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To save banks the time has come for an Italian TARP

by Luigi Zingales

IT
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Winston Churchill loved to say that the Americans would alway do the right thing — after having exhausted all other possible alternatives.

For Italy's government and its banks, this is a hope more than a certainty. The only certainty is that every possible alternative to save the Italian banking system has been explored, unsuccessfully. And that time is short. Questions as to the real value of deteriorated credit on bank balance sheets is producing a generalized crisis of confidence in the banking system that could end up being devastating.

To avoid it, the only option is direct intervention in the capital situation of banks. It's not a recommendation that I offer with a light heart — but desperate times call for desperate measures. And desperation there is.

The reason why I came to this conclusion some time ago is the first-hand experience I had with the US crisis of 2007-2008. In that case as well, the first attempt was to create a fund to acquire toxic debt (the American version of our deteriorated loans), then to have the state buy them. In the end, it became clear that the only solution was to inject public capital into the banking system.

In an ideal world, this would be carried out by the Italian Treasury. Since we don't live in an ideal world, and EU rules forbid a move like that before having carried out a bail-in for 8% of bank assets, the only possible solution is to go through the Cassa depositi e prestiti (CDP) outside the perimeter of the state.

First of all, we understand the size of the problem — about €200 billion worth of deteriorated credit valued at 40%, while the market insist on valuing it at 20%. So a capital infusion equal to €40 billion would be able to absorb the losses even in the worst case scenario, thus calming account holders and bond holders.

Thus the CDP should commit itself to invest in every bank a figure equating to 20% of non performing loans. The secret is to issue the capital in the form of “preferred” convertible shares. The advantage of U.S. preferred shares compared with ours is that they are redeemable by the issuer at a predetermined value. If the bank is healthy, it can easily, over successive months, issue ordinary shares on the market to re-acquire the preferred shares it issued, protecting the value of existing shares. If, instead, the bank is not healthy, this capital can serve as a guarantee.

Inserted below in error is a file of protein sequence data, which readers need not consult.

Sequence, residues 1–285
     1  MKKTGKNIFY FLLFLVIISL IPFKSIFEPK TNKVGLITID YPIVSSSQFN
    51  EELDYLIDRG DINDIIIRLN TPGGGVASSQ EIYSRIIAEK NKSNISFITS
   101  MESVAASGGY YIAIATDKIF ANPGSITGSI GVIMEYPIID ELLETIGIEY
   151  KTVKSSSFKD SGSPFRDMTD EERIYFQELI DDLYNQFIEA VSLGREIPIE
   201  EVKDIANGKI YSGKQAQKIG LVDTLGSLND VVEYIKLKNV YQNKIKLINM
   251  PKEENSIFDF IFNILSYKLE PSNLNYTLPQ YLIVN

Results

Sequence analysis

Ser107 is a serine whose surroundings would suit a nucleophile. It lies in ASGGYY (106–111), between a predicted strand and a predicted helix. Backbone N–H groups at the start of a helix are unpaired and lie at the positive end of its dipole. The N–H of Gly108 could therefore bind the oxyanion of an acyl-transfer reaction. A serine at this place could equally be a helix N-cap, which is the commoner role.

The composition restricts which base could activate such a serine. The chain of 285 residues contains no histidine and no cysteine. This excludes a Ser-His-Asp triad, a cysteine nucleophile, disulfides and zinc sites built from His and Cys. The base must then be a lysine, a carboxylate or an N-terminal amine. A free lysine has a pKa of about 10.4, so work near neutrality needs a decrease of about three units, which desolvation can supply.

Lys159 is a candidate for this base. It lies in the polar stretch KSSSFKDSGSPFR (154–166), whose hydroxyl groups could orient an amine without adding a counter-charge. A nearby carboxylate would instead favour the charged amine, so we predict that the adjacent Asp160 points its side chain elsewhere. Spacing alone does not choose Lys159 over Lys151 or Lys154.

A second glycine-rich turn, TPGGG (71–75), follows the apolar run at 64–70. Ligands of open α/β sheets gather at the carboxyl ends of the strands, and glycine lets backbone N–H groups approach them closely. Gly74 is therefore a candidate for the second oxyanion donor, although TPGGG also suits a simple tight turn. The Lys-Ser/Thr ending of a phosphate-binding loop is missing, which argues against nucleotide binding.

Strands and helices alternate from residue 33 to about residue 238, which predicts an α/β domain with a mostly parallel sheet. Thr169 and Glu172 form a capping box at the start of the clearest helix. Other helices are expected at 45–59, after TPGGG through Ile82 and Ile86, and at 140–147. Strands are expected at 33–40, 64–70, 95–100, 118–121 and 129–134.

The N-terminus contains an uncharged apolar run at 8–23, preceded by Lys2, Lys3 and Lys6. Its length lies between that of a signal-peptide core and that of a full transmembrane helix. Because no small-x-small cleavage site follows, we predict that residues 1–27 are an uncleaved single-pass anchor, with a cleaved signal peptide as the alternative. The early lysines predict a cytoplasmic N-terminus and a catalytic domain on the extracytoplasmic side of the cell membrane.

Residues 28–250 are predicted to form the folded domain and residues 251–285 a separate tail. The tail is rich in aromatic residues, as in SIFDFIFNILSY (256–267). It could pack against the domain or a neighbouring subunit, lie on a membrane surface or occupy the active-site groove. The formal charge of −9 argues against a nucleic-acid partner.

The preferred shares are subordinate to all debt (including subordinated bonds) but they have priority over existing shares.

So this doesn't protect shareholders, but only account holders and bond holders. If losses are high, existing shareholders are swept away and preferred shares become ordinary shares.

To avoid bankers profiting, US preferred shares are bound to three important clauses. First, it's prohibited to pay any form of dividend on ordinary shares until the preferred are reacquired. Second, there are rigid (and very low) limits on management compensation. Third, they contain a warrant (the right to purchase additional shares at a predetermined price that is above the current market price). This guarantees the taxpayer part of the benefit of the transaction if it succeeds. We need to follow that example.

In the US case, the preferred shares had no voting rights until they were converted, because there was fear of an excessive interference in credit allocation. Obviously, this problem also exists in Italy but — given the inferior quality of Italian corporate governance — there's also a risk that management would profit from taxpayer money.

That's why I think it was a good compromise to assign to the preferred shares the right to name the entire board of auditors and the chairman of the board, leaving current shareholders the right to manage the company, at least until the preferreds are converted.

There's obviously a political problem. In the US, government intervention produced the Tea Party in reaction and, in a way, created a degree of consensus around a personality like Donald Trump. How can we avoid that happening in Italy?

On one hand, it's necessary to explain what the alternative is:the Etruria case times one hundred. State intervention isn't meant to rescue bankers but to save account holders and all those who were sold supposedly “secure” bank bonds.

And on the other hand, there must be no shadow of a doubt that the move was meant to protect the usual suspects. So there should be an investigatory commission set up, composed not of politicians but of independent experts. They must determine the potential responsibility of people and institutions and bring their findings publicly to Parliament within nine months.

At this difficult time, the government should not be afraid to act: inaction would be a much greater fault. Nor should it fear that Italian citizens won't understand. If appropriately informed, they are more than able to understand and today, more than ever, they deserve respect and trust. The important thing is not to lie to them by saying that it's all the U.K.'s fault. Brexit was only the famed spark, all the rest is locally produced.


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